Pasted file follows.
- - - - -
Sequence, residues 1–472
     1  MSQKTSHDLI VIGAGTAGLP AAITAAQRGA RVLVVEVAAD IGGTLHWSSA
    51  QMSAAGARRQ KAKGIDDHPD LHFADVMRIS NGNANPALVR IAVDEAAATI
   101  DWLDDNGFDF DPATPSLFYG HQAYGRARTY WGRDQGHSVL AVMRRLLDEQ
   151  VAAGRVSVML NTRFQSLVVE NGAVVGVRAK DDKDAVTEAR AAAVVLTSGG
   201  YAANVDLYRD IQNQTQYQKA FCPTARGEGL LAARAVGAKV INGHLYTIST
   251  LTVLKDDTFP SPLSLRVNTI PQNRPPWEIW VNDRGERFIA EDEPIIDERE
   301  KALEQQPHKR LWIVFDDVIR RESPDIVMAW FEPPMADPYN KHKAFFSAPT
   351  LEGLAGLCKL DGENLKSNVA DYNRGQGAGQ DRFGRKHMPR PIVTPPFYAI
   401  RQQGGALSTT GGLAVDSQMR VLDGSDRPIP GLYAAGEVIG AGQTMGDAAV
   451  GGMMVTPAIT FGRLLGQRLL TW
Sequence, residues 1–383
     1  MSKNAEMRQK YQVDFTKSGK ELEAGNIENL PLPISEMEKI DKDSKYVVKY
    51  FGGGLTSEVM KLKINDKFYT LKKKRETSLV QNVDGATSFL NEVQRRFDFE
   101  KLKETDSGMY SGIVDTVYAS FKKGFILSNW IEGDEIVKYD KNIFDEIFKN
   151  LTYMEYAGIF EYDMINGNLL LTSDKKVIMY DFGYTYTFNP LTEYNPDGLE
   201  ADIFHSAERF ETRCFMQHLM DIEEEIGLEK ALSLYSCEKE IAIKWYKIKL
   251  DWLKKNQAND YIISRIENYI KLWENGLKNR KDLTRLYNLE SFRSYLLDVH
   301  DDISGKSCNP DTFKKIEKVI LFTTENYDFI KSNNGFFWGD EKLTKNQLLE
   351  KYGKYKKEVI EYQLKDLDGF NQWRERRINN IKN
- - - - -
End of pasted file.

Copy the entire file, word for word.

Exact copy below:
Sequence, residues 1–472
     1  MSQKTSHDLI VIGAGTAGLP AAITAAQRGA RVLVVEVAAD IGGTLHWSSA
    51  QMSAAGARRQ KAKGIDDHPD LHFADVMRIS NGNANPALVR IAVDEAAATI
   101  DWLDDNGFDF DPATPSLFYG HQAYGRARTY WGRDQGHSVL AVMRRLLDEQ
   151  VAAGRVSVML NTRFQSLVVE NGAVVGVRAK DDKDAVTEAR AAAVVLTSGG
   201  YAANVDLYRD IQNQTQYQKA FCPTARGEGL LAARAVGAKV INGHLYTIST
   251  LTVLKDDTFP SPLSLRVNTI PQNRPPWEIW VNDRGERFIA EDEPIIDERE
   301  KALEQQPHKR LWIVFDDVIR RESPDIVMAW FEPPMADPYN KHKAFFSAPT
   351  LEGLAGLCKL DGENLKSNVA DYNRGQGAGQ DRFGRKHMPR PIVTPPFYAI
   401  RQQGGALSTT GGLAVDSQMR VLDGSDRPIP GLYAAGEVIG AGQTMGDAAV
   451  GGMMVTPAIT FGRLLGQRLL TW
Sequence, residues 1–383
     1  MSKNAEMRQK YQVDFTKSGK ELEAGNIENL PLPISEMEKI DKDSKYVVKY
    51  FGGGLTSEVM KLKINDKFYT LKKKRETSLV QNVDGATSFL NEVQRRFDFE
   101  KLKETDSGMY SGIVDTVYAS FKKGFILSNW IEGDEIVKYD KNIFDEIFKN
   151  LTYMEYAGIF EYDMINGNLL LTSDKKVIMY DFGYTYTFNP LTEYNPDGLE
   201  ADIFHSAERF ETRCFMQHLM DIEEEIGLEK ALSLYSCEKE IAIKWYKIKL
   251  DWLKKNQAND YIISRIENYI KLWENGLKNR KDLTRLYNLE SFRSYLLDVH
   301  DDISGKSCNP DTFKKIEKVI LFTTENYDFI KSNNGFFWGD EKLTKNQLLE
   351  KYGKYKKEVI EYQLKDLDGF NQWRERRINN IKN